|Scientific Name:||Anodonta oregonensis|
|Species Authority:||Lea, 1838|
Anodon cognata Gould, 1850
|Taxonomic Source(s):||Lea, I. 1838. Description of new freshwater and land shells. Transactions of the American Philosophical Society 6: 1-154.|
Lea (1838) originally described Anodonta oregonensis from the Wahlamat R. [Willamette River], Oregon. Simpson (1900) subsequently synonymized Anodon cognata Gould, 1850 (Locality: Oregon). Work by Chong, et al. (2008) revealed that western North American Anodonta species are comprised of three genetically distinct lineages. One of these clades includes two of Lea's described species, A. oregonensis Lea, 1838 and A. kennerlyi Lea, 1860. Based on this work, Bieler (2015) lists A. kennerlyi as a synonym of A. oregonensis. A detailed list of synonyms can also be found at the Mussel Project Web Site: MUSSELp (Graf & Cummings, 2015).
|Red List Category & Criteria:||Least Concern ver 3.1|
|Assessor(s):||Blevins, E., Jepsen, S., Brim Box, J. & Nez, D.|
We used a dataset of western freshwater mussel occurrence records (shells and/or live animals) from nearly 300 sources spanning the 1830s to 2015 (Xerces/CTUIR 2015). This analysis examined change in extent of occurrence (EOO) and area of watershed occupancy from occurrence (presence) data prior to 1990, and from 1990–2015. Based on 371 records dating prior to 1990 and 758 records dating 1990–2015, Anodonta oregonensis has declined in EOO by 9% (231,834 km²) but in watershed area by 26% (69,474 km²). This analysis includes occurrence records for both A. oregonensis and A. kennerlyi (Chong, et al., 2008; Bieler, 2015). Estimates are also dependent on a number of assumptions regarding historical and recent distribution. Based on a review of 235 historical museum specimens or photos of specimens (Blevins et al., unpublished data, 2015) using morphological analyses to differentiate western Anodonta (Chong, 2006; Hegeman, et al. unpublished manuscript, 2015), historic records for this species in Utah, Nevada, and southern California were considered in error; no measured specimens were identified as A. oregonensis based on measures of both length to height ratio and anterior slope angle. Healthy reproducing populations have been reported in the lower Columbia Basin in Washington and Oregon. Additionally, compared with A. nuttalliana, which is distributed across more arid watersheds, A. oregonensis is believed to be less threatened by the impacts of climate change and dewatering. Therefore, this species is currently considered of Least Concern.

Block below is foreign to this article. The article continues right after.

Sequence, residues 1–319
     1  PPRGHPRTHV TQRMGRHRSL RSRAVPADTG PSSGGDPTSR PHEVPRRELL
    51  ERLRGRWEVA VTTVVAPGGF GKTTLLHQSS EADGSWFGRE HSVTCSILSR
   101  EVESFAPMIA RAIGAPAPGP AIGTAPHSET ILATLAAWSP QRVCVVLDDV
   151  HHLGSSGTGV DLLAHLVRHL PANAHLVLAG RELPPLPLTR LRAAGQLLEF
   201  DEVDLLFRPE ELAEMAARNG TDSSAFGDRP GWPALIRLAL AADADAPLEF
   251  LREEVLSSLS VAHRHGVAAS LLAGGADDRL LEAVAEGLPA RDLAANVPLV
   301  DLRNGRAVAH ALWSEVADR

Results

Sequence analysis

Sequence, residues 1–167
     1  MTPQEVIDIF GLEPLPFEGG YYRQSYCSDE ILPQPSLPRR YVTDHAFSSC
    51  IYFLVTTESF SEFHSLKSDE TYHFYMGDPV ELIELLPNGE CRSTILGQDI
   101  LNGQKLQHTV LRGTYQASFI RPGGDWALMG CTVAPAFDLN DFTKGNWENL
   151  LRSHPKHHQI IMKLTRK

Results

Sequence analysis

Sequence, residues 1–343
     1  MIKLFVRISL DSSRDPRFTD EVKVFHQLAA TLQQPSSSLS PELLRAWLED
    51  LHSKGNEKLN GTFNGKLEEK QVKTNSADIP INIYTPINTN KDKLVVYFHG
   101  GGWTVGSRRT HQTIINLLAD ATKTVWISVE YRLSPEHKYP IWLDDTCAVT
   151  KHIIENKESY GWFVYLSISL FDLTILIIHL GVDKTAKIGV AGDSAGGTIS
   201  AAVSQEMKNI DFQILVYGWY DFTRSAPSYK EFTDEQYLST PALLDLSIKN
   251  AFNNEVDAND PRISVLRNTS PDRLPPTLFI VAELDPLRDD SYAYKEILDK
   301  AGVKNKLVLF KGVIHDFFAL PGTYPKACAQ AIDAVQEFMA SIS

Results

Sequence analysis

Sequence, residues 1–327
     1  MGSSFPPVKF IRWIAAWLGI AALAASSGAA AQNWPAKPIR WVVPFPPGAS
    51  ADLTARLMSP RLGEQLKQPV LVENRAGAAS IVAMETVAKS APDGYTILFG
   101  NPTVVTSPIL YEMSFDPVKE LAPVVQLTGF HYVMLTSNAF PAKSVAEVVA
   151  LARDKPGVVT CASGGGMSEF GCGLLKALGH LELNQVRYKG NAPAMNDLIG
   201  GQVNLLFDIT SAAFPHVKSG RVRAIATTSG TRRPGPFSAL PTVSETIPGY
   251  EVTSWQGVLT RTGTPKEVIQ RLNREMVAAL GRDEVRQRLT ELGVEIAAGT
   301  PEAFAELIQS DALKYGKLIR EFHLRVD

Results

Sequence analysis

|Previously published Red List assessments:|
Understanding of this species’ geographic range is confounded by difficulties associated with the identification of Anodonta species using shell morphology and the overlap in species’ ranges (Chong, 2006). In Canada, this species is found in British Columbia. Museum records are reported from Atlantic and Arctic river basins in Alberta and the Northwest Territories, but the species’ current presence in these basins is unverified. In the United States, the species is found in Oregon, Washington, Idaho, northern California, and Alaska, and based on morphological evidence (Blevins et al., unpublished data, 2015) from 235 historical museum specimens or photos of specimens using measures described by Chong (2006) and Hegeman, et al. (unpublished manuscript, 2015), Anodonta oregonensis did not historically occur in southern California (as defined by the southernmost 10 counties of the state), Utah, or Nevada no measured specimens were identified as A. oregonensis based on measures of both length to height ratio and anterior slope angle. More than twice as many observations of this species have been reported since 1990 compared to pre-1990.
Native:Canada (British Columbia); United States (California, Idaho, Oregon, Washington)
|Range Map:||Click here to open the map viewer and explore range.|